Recently, I was browsing a thread for an article, and a woman posted requesting leads for a networking group dedicated to working women in STEM. A mansplainer piped up with the inevitable question that makes me want to gouge my eyes out every time I read it:
“Why does it have to be just for women?”
It’s simple, really: women need specific resources in business (tech, especially) because they’ve gone without them for so long. Now, having missed out on the same opportunities as men for centuries, we’re having to work double time to get noticed in the talent pool, taken seriously in our fields, and to get. that. seat. at. the. table.
Why do women need resources for female professionals? Because we've gone without them for so long.
Men are 85 percent more likely than women to be VPs or C-suite execs by mid-career. They’re also more likely to hold jobs in high-paying industries like tech. According to the Bureau of Labor Statistics, women held only 26 percent of the approximately 4 million computing-related occupations in the U.S. in 2013.
Let’s be frank: these days, it’s tough out there for a woman. Women are still making less than men, even when they do the same jobs. The controlled gender pay gap of 98 cents on the dollar may be smaller than the figures you generally hear when we compare the earnings of all men to all women, but that’s still not gender equity. Any gap means that men and women are not being paid the same rate for the same work.
I fought the urge to type, “because we don’t want to hang out with you” to the internet troll, and instead turned my efforts to tracking down a handful of stellar career resources for professional women.
Ladies Get Paid is a national network of women (united by Slack) dedicated to helping women get paid what they deserve. Started by Claire Wasserman just over a year ago, the group is small but mighty, and the 6,000+ female members regularly convene across the country for talks, town halls, networking events, and happy hours. And as someone who pipes up in the Slack group on a daily basis, I can attest the group’s transformative power. Any woman seeking advice on salary negotiation, job leads, support, or even insight into what they should be making should stop by and say hello.
She Negotiates is a female-led consulting, coaching, and group training platform designed to generate more money, support, and opportunity for women in the workplace. Additionally, their resources focus on honing confidence and happiness among female professionals. Services are geared toward individuals and companies, and span everything from one-on-one business consulting to group workshops and training sessions on topics like equality in the workplace, negotiating, and storytelling.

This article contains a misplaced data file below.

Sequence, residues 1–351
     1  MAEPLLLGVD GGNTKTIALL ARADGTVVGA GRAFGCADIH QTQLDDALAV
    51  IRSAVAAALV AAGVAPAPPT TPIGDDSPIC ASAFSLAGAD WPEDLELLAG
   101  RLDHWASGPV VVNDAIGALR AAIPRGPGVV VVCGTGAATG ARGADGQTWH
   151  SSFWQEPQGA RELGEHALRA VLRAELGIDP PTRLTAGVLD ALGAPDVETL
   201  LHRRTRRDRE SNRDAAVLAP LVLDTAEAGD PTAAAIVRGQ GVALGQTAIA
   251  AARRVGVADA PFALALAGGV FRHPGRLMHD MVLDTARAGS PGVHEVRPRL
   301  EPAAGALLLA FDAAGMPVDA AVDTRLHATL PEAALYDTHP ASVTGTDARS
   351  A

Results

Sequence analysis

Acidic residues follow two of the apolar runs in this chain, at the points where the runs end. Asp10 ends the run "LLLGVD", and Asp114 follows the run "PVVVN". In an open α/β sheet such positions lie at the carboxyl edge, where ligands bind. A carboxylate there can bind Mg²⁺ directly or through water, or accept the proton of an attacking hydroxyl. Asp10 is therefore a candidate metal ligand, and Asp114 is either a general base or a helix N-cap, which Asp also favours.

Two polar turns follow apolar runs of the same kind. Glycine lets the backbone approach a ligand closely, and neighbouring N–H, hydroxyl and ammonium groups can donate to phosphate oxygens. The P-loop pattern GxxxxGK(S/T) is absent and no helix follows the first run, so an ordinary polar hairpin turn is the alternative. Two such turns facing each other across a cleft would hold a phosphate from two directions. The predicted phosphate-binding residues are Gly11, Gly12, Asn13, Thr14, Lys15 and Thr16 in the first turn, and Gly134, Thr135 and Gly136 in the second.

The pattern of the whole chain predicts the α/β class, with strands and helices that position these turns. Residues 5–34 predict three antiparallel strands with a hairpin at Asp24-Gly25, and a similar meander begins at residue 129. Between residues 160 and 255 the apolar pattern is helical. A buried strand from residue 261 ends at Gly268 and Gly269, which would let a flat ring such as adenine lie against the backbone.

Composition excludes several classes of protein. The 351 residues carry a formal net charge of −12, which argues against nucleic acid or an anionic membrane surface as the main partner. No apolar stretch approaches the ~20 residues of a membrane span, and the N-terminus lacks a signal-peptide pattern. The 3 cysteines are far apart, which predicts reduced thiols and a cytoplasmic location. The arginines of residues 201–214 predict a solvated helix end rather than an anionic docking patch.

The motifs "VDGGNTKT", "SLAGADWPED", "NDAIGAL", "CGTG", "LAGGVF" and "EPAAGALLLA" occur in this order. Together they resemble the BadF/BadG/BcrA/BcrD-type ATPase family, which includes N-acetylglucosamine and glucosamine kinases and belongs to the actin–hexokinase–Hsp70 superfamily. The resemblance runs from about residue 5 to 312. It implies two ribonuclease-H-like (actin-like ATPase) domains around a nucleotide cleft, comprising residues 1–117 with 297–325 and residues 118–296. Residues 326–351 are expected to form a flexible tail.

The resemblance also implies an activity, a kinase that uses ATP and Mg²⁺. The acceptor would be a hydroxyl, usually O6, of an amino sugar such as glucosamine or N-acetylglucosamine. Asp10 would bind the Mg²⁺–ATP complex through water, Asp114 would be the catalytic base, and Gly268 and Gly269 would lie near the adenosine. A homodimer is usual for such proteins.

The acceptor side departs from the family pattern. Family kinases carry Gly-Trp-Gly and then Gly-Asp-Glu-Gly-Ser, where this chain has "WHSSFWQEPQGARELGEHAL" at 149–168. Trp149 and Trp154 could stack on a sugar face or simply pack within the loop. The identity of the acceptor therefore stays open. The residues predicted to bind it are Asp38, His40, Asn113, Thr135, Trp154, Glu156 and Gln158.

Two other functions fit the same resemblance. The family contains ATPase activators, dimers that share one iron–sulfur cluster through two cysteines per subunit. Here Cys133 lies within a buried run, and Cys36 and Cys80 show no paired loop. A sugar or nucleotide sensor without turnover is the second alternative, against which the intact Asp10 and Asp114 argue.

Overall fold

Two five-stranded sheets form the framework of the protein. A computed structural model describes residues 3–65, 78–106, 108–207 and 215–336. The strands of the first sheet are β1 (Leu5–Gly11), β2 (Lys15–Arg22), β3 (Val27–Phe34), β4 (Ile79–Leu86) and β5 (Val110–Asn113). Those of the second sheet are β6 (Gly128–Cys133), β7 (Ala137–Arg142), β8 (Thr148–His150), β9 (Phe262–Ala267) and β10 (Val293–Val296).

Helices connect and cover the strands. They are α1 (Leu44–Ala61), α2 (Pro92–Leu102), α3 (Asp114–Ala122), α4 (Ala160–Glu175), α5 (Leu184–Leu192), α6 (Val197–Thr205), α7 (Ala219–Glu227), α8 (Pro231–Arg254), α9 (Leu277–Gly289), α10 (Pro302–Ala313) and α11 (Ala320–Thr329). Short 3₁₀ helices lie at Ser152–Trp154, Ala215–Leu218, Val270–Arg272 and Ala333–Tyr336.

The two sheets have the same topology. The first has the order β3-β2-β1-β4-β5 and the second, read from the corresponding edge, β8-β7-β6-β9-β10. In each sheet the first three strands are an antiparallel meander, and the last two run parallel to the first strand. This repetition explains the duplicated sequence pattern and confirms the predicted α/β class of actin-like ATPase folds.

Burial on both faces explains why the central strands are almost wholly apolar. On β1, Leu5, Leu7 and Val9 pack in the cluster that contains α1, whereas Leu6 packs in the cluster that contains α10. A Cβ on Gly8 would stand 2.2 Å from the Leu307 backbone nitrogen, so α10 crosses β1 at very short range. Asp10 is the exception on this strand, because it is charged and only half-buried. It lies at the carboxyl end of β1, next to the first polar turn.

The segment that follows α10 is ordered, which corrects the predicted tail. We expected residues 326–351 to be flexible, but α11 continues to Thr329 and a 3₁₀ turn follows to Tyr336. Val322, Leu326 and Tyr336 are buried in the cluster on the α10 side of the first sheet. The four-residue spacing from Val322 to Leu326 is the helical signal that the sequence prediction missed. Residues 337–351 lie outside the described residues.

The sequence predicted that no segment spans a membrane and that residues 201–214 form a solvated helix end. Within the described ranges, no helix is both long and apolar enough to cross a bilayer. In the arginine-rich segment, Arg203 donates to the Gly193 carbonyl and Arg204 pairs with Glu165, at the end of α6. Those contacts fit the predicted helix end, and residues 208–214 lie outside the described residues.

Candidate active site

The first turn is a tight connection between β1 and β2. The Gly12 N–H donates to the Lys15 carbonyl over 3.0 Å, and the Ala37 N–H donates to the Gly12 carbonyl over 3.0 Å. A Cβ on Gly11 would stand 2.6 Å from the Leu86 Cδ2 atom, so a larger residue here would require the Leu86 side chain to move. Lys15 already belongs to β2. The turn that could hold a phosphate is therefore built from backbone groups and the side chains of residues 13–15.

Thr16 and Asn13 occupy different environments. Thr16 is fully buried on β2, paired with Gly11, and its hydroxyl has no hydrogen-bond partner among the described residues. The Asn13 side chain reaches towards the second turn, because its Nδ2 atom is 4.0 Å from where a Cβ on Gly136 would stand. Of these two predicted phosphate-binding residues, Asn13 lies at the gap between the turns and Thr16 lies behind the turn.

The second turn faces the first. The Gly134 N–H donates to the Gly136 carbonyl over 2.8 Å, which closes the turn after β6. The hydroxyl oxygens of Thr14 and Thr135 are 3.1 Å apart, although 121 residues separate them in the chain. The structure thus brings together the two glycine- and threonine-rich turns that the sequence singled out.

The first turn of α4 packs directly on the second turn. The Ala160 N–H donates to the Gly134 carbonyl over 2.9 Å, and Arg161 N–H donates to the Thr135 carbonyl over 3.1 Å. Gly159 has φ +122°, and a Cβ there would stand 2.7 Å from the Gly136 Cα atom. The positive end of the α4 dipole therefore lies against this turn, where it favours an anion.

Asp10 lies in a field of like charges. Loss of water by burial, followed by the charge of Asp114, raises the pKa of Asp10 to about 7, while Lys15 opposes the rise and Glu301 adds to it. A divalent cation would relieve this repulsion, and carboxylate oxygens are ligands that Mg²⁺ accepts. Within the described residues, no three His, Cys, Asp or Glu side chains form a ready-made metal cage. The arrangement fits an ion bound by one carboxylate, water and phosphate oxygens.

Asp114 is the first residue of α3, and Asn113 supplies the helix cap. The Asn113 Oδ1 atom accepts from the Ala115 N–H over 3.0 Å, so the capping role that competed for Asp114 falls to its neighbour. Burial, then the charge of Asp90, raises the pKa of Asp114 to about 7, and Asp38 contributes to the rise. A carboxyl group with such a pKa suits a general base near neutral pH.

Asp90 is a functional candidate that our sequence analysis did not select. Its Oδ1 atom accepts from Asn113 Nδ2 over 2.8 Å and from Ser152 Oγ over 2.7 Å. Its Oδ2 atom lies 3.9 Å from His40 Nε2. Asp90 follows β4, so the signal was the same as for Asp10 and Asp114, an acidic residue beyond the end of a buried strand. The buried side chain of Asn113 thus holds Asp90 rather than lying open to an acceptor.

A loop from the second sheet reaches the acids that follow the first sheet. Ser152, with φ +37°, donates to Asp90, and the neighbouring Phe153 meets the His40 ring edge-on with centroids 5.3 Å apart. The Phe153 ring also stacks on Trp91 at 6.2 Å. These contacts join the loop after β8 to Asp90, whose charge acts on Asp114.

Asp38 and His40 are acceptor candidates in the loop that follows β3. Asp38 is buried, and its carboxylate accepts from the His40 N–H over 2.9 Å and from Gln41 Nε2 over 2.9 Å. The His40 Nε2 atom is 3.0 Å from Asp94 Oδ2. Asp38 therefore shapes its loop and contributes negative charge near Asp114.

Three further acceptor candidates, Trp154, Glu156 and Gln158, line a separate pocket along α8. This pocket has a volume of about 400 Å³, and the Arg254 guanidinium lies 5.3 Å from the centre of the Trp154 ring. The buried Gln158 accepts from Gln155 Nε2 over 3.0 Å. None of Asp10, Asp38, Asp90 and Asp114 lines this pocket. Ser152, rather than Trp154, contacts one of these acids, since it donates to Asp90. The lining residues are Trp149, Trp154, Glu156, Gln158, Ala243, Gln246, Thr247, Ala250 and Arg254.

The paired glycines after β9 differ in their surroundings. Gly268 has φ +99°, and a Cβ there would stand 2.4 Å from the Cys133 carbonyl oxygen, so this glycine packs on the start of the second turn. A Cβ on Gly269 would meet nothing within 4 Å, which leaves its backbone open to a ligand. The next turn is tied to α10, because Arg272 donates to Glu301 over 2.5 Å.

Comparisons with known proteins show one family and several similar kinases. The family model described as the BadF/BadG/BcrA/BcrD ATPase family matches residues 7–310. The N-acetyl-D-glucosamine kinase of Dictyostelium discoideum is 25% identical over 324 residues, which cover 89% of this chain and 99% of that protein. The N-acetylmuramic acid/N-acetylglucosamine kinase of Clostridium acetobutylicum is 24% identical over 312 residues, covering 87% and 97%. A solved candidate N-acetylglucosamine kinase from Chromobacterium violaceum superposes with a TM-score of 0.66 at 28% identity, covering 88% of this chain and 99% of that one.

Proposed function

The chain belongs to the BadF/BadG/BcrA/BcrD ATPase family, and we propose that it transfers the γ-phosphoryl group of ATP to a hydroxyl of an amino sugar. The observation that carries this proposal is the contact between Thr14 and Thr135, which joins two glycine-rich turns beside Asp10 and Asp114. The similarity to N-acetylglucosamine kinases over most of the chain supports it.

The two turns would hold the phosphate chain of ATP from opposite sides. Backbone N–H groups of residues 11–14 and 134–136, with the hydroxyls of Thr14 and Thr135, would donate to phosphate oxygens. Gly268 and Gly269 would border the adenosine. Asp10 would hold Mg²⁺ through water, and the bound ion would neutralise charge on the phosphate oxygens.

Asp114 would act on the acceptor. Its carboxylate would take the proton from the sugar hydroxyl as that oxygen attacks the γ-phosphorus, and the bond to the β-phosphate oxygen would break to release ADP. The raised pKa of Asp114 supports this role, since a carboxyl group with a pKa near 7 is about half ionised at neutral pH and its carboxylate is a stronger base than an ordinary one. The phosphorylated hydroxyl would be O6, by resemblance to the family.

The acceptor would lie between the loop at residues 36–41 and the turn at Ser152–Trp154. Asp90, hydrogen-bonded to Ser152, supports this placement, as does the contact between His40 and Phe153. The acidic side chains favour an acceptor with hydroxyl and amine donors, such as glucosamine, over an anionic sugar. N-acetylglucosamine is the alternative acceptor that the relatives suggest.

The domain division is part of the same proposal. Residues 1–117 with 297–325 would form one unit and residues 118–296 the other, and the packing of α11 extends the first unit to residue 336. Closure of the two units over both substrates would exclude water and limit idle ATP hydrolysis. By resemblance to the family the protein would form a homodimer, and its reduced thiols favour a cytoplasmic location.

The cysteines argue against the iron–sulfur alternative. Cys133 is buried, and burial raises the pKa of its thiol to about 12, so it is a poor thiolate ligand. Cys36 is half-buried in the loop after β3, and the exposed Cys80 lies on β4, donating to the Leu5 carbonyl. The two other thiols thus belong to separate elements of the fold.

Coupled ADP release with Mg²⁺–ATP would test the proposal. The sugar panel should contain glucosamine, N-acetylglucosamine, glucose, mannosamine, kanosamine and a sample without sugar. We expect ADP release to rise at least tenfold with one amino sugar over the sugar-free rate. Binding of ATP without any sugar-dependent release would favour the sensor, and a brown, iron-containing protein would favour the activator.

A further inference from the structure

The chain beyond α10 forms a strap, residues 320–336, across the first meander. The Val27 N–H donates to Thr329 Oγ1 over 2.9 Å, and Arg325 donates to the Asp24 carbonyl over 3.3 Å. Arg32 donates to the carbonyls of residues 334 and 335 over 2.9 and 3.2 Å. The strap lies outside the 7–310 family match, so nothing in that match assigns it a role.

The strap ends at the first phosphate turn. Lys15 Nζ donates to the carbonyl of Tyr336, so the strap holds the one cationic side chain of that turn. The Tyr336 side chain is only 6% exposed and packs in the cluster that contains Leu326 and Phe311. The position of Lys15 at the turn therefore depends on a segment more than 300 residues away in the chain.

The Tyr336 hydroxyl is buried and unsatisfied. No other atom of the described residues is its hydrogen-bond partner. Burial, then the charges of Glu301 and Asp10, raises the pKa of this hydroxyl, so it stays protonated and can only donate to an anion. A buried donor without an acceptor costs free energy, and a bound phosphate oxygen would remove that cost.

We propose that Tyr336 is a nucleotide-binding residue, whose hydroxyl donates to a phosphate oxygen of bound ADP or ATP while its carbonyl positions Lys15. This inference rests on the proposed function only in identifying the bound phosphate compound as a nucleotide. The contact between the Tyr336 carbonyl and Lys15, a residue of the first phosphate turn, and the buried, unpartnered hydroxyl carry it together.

Ever thought about learning how to code? Girl Develop It might be the break you’ve been looking for. As a nonprofit dedicated to help women learn programming software development, Girl Develop It shines as an affordable, manageable, and judgment-free opportunity for women interested in programming. And truth be told: Girl Develop It is a godsend for women — coders or not. Having coding and programming in your tool belt only helps you stand out as an applicant, and adds an extra layer of expertise to nearly any role these days.
4. Binders Facebook Groups
(On Facebook; request to join)
For writers, content creators, and communications professionals, the binders groups on Facebook are chock-full of opportunities to pitch stories and network. For women looking to break into publishing or expand their list of publications, opportunities abound in the binders groups, with specific camps for writers in food, digital, journalism, PR, and more.
5. Tech Ladies
A Facebook group made up over 10,000 women in tech, Tech Ladies is all about connecting women in the STEM space. Their job board is full of opportunities in the industry, and their mission is focused on helping smart, capable women land jobs in tech. Browse the Facebook group for job leads, industry trends, thought-leadership threads, and information sharing. The organization has chapters and groups in 56 cities across the U.S. and prides itself on being a diverse, judgment-free zone for women of all backgrounds.
As one of the largest professional networking organizations dedicated to women in programming, Women Who Code connects female programmers from all over the world with job opportunities, career training programs, placement services, learning and leadership opportunities, and a worldwide group of female tech professionals. WWC also organizes meet-ups and mentor programs for female coders in major cities across the U.S., and virtual opportunities, as well.
Tell Us What You Think
Do you have a group to add to this list? Tell us about it in the comments or join the conversation on Twitter.